So, I may have started the CHULO brand for social work and educational reasons, but I found it easy to use my art skills (photography and design) to help shape the products we created.
I’m not independently wealthy and the brand does not have billionaire investors, so we don’t really spend a lot of time creating “perfect” designs which we then mass produce. Instead, we make a bunch of samples, we do a lot of shows, we take a lot of photos, and then we listen to the feedback we get from the community. The designs that our partner CBOs like and/or the designs that our customers like and/or the designs that our young people like are the ones we end up producing. In short, we don’t get permission from professional retail buyers to mass-produce generic designs; instead, we go to the community and they tell us what is hot and what is not. It seems to work pretty well for us despite some bumps in the beginning. As the brand grows, we hope to bring more artists in to work as a true collective.
Lauren: Looking at your body paintings I noticed the art is stylized in a way that conveys a story. Does this storytelling focus spill into your design process?
Ricardo: This is a great question, and very perceptive of you. I am at heart a storyteller. My work has to say something; it has to have some meaning, some worth. All cultures, in fact, keep their history alive by telling their stories. These stories are usually told orally, but today’s young people utilize other methods like social media, tattoos, fashion, and video to tell their stories. CHULO hopes to tell our stories of some amazing people who just happen to be black or brown or red or white or yellow or rainbow or mixed. We hope to make simple products that can tell profound stories in very simple yet easy-to-understand designs. So, yes, storytelling is part of our design process. We look at each item and decide if it is telling a story that is positive, uplifting and culturally respectful. Many people contribute to this decision-making—not just I.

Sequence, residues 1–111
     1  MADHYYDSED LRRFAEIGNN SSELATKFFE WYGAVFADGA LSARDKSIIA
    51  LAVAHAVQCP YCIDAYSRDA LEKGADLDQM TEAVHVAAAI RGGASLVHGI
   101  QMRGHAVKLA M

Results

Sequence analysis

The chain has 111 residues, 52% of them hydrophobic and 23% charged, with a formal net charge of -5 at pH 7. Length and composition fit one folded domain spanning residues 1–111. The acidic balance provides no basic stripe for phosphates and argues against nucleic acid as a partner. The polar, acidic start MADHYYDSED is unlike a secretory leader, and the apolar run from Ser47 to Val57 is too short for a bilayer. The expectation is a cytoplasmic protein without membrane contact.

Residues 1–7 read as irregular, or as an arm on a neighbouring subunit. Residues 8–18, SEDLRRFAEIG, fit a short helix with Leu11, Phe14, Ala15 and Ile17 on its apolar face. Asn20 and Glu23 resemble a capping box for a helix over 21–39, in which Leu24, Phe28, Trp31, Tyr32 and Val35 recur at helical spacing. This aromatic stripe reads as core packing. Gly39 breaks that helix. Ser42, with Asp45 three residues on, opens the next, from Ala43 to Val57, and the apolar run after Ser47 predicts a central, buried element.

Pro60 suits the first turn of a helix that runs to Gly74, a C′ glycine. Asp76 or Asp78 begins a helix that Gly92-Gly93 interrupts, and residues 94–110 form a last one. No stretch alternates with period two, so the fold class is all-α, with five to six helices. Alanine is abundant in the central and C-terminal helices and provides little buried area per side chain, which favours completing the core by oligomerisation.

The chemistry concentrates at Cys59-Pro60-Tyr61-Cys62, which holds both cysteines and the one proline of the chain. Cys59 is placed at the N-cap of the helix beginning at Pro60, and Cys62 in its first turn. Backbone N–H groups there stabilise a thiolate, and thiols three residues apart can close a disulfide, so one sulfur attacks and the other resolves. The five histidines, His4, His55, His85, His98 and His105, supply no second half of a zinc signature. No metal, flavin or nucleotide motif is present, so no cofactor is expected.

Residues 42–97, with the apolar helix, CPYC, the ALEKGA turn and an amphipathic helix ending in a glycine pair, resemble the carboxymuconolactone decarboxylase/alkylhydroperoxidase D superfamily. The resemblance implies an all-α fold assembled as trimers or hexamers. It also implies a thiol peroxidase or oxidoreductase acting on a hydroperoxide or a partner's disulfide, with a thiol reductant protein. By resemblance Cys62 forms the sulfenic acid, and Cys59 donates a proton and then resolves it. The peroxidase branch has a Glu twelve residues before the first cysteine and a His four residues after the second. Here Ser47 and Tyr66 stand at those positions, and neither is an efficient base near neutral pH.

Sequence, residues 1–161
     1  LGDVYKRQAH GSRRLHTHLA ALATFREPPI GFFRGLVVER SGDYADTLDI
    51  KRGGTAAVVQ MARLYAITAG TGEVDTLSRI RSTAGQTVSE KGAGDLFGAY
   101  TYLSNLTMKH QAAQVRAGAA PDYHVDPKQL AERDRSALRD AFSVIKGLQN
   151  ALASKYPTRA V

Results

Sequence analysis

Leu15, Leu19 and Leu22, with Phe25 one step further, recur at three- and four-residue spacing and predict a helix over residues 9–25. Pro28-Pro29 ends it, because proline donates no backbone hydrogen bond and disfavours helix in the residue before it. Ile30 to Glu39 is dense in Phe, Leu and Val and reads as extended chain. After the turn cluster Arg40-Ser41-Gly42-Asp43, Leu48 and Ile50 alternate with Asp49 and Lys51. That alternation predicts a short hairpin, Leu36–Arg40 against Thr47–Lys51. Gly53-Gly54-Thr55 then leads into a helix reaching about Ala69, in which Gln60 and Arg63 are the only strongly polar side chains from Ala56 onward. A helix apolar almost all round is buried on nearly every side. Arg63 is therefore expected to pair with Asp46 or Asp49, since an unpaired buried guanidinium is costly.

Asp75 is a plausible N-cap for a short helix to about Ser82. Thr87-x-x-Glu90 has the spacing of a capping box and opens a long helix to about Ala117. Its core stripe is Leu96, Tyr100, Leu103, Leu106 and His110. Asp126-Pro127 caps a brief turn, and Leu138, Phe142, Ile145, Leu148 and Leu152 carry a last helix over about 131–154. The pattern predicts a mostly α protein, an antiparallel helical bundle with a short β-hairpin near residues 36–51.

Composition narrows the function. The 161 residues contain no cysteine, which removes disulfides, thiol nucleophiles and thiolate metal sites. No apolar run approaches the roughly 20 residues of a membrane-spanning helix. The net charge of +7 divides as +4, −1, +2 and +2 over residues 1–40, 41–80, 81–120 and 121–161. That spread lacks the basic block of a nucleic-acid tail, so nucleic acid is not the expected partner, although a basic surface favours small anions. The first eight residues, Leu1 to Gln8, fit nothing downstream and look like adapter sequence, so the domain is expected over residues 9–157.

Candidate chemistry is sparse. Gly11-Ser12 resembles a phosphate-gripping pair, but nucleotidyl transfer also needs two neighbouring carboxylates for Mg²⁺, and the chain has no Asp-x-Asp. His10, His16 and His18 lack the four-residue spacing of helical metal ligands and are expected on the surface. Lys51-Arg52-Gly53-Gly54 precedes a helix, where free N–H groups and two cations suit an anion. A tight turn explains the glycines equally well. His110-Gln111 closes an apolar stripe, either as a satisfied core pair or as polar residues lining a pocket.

Lauren: Where do you find inspiration for the designs?
Ricardo: Many of the ideas are drawn from my years working with marginalized people of all ages as an educator, social worker, and most recently, artist. I try to find ways to help people tell their own stories their own ways. This helps guide the designs we make. Whether the idea is in-house or from a community contributor, whether it’s from a young, 17-year-old transgender female artist or a 25-year-old strapping Dominican boxer or a sassy, 88-year-old grandmother, we try to make designs and artwork that help us celebrate who we are—however it is we may define ourselves as a community of color.
Lauren: I noticed some of the models were sporting lounge wear down the runway. Is CHULO thinking about expanding the line outside of underwear?
Ricardo: We already have expanded into tees and calendars. We also sell limited items like hand-painted hoodies when we do cultural festivals. Because this was technically a NYFW show, the idea is to showcase a range of products that demonstrate what the CHULO brand is making and what options we are also exploring. Depending on the feedback we get or whether buyers make actual orders, this determines how many of the actual items seen on the runway will actually make it into production and then to a showroom, a retail store or on our online catalog. So, yes, the CHULO brand explores different avenues at each show, but, no, we do not have a specific plan right now to expand into loungewear.
Lauren: Does your background in social work and teaching influence your views on fashion?
Ricardo: Yes. It is the reason why the brand pays it forward, and why the brand focuses on culture, heritage and pride.
Lauren: I know one of the goals of CHULO is to give back to the community, which CHULO continues to achieve and push further. Are there any other goals or dreams you have for the company outside its political foundations?
Ricardo: Yes, the brand hopes to inspire others to create their own paying-it-forward brands that are more successful and that reach even more people. We CAN do it, and we can do it OURselves.
Lauren: Is there anything else about CHULO you would like to say that you feel like has not been said?
Ricardo: CHULO hopes to help, and CHULO hopes to inspire. We are a small company, and even if we do an event and only make a $5 profit, that money still means a lot. It can help pay for a young person’s ride to a drop-in center or to school or to a job interview or to a neighborhood community center. It can buy a sandwich. It can buy milk for a child. It can buy socks for the 15-year-old boxer who beats the bag at the center instead of his head against a wall. Every little bit helps. It’s not the amount of money we make that defines who we are, but how much love we put into making that money, and how much love we can share.
Thank you for coming to our little fundraiser, and thanks for sharing our story with your readers.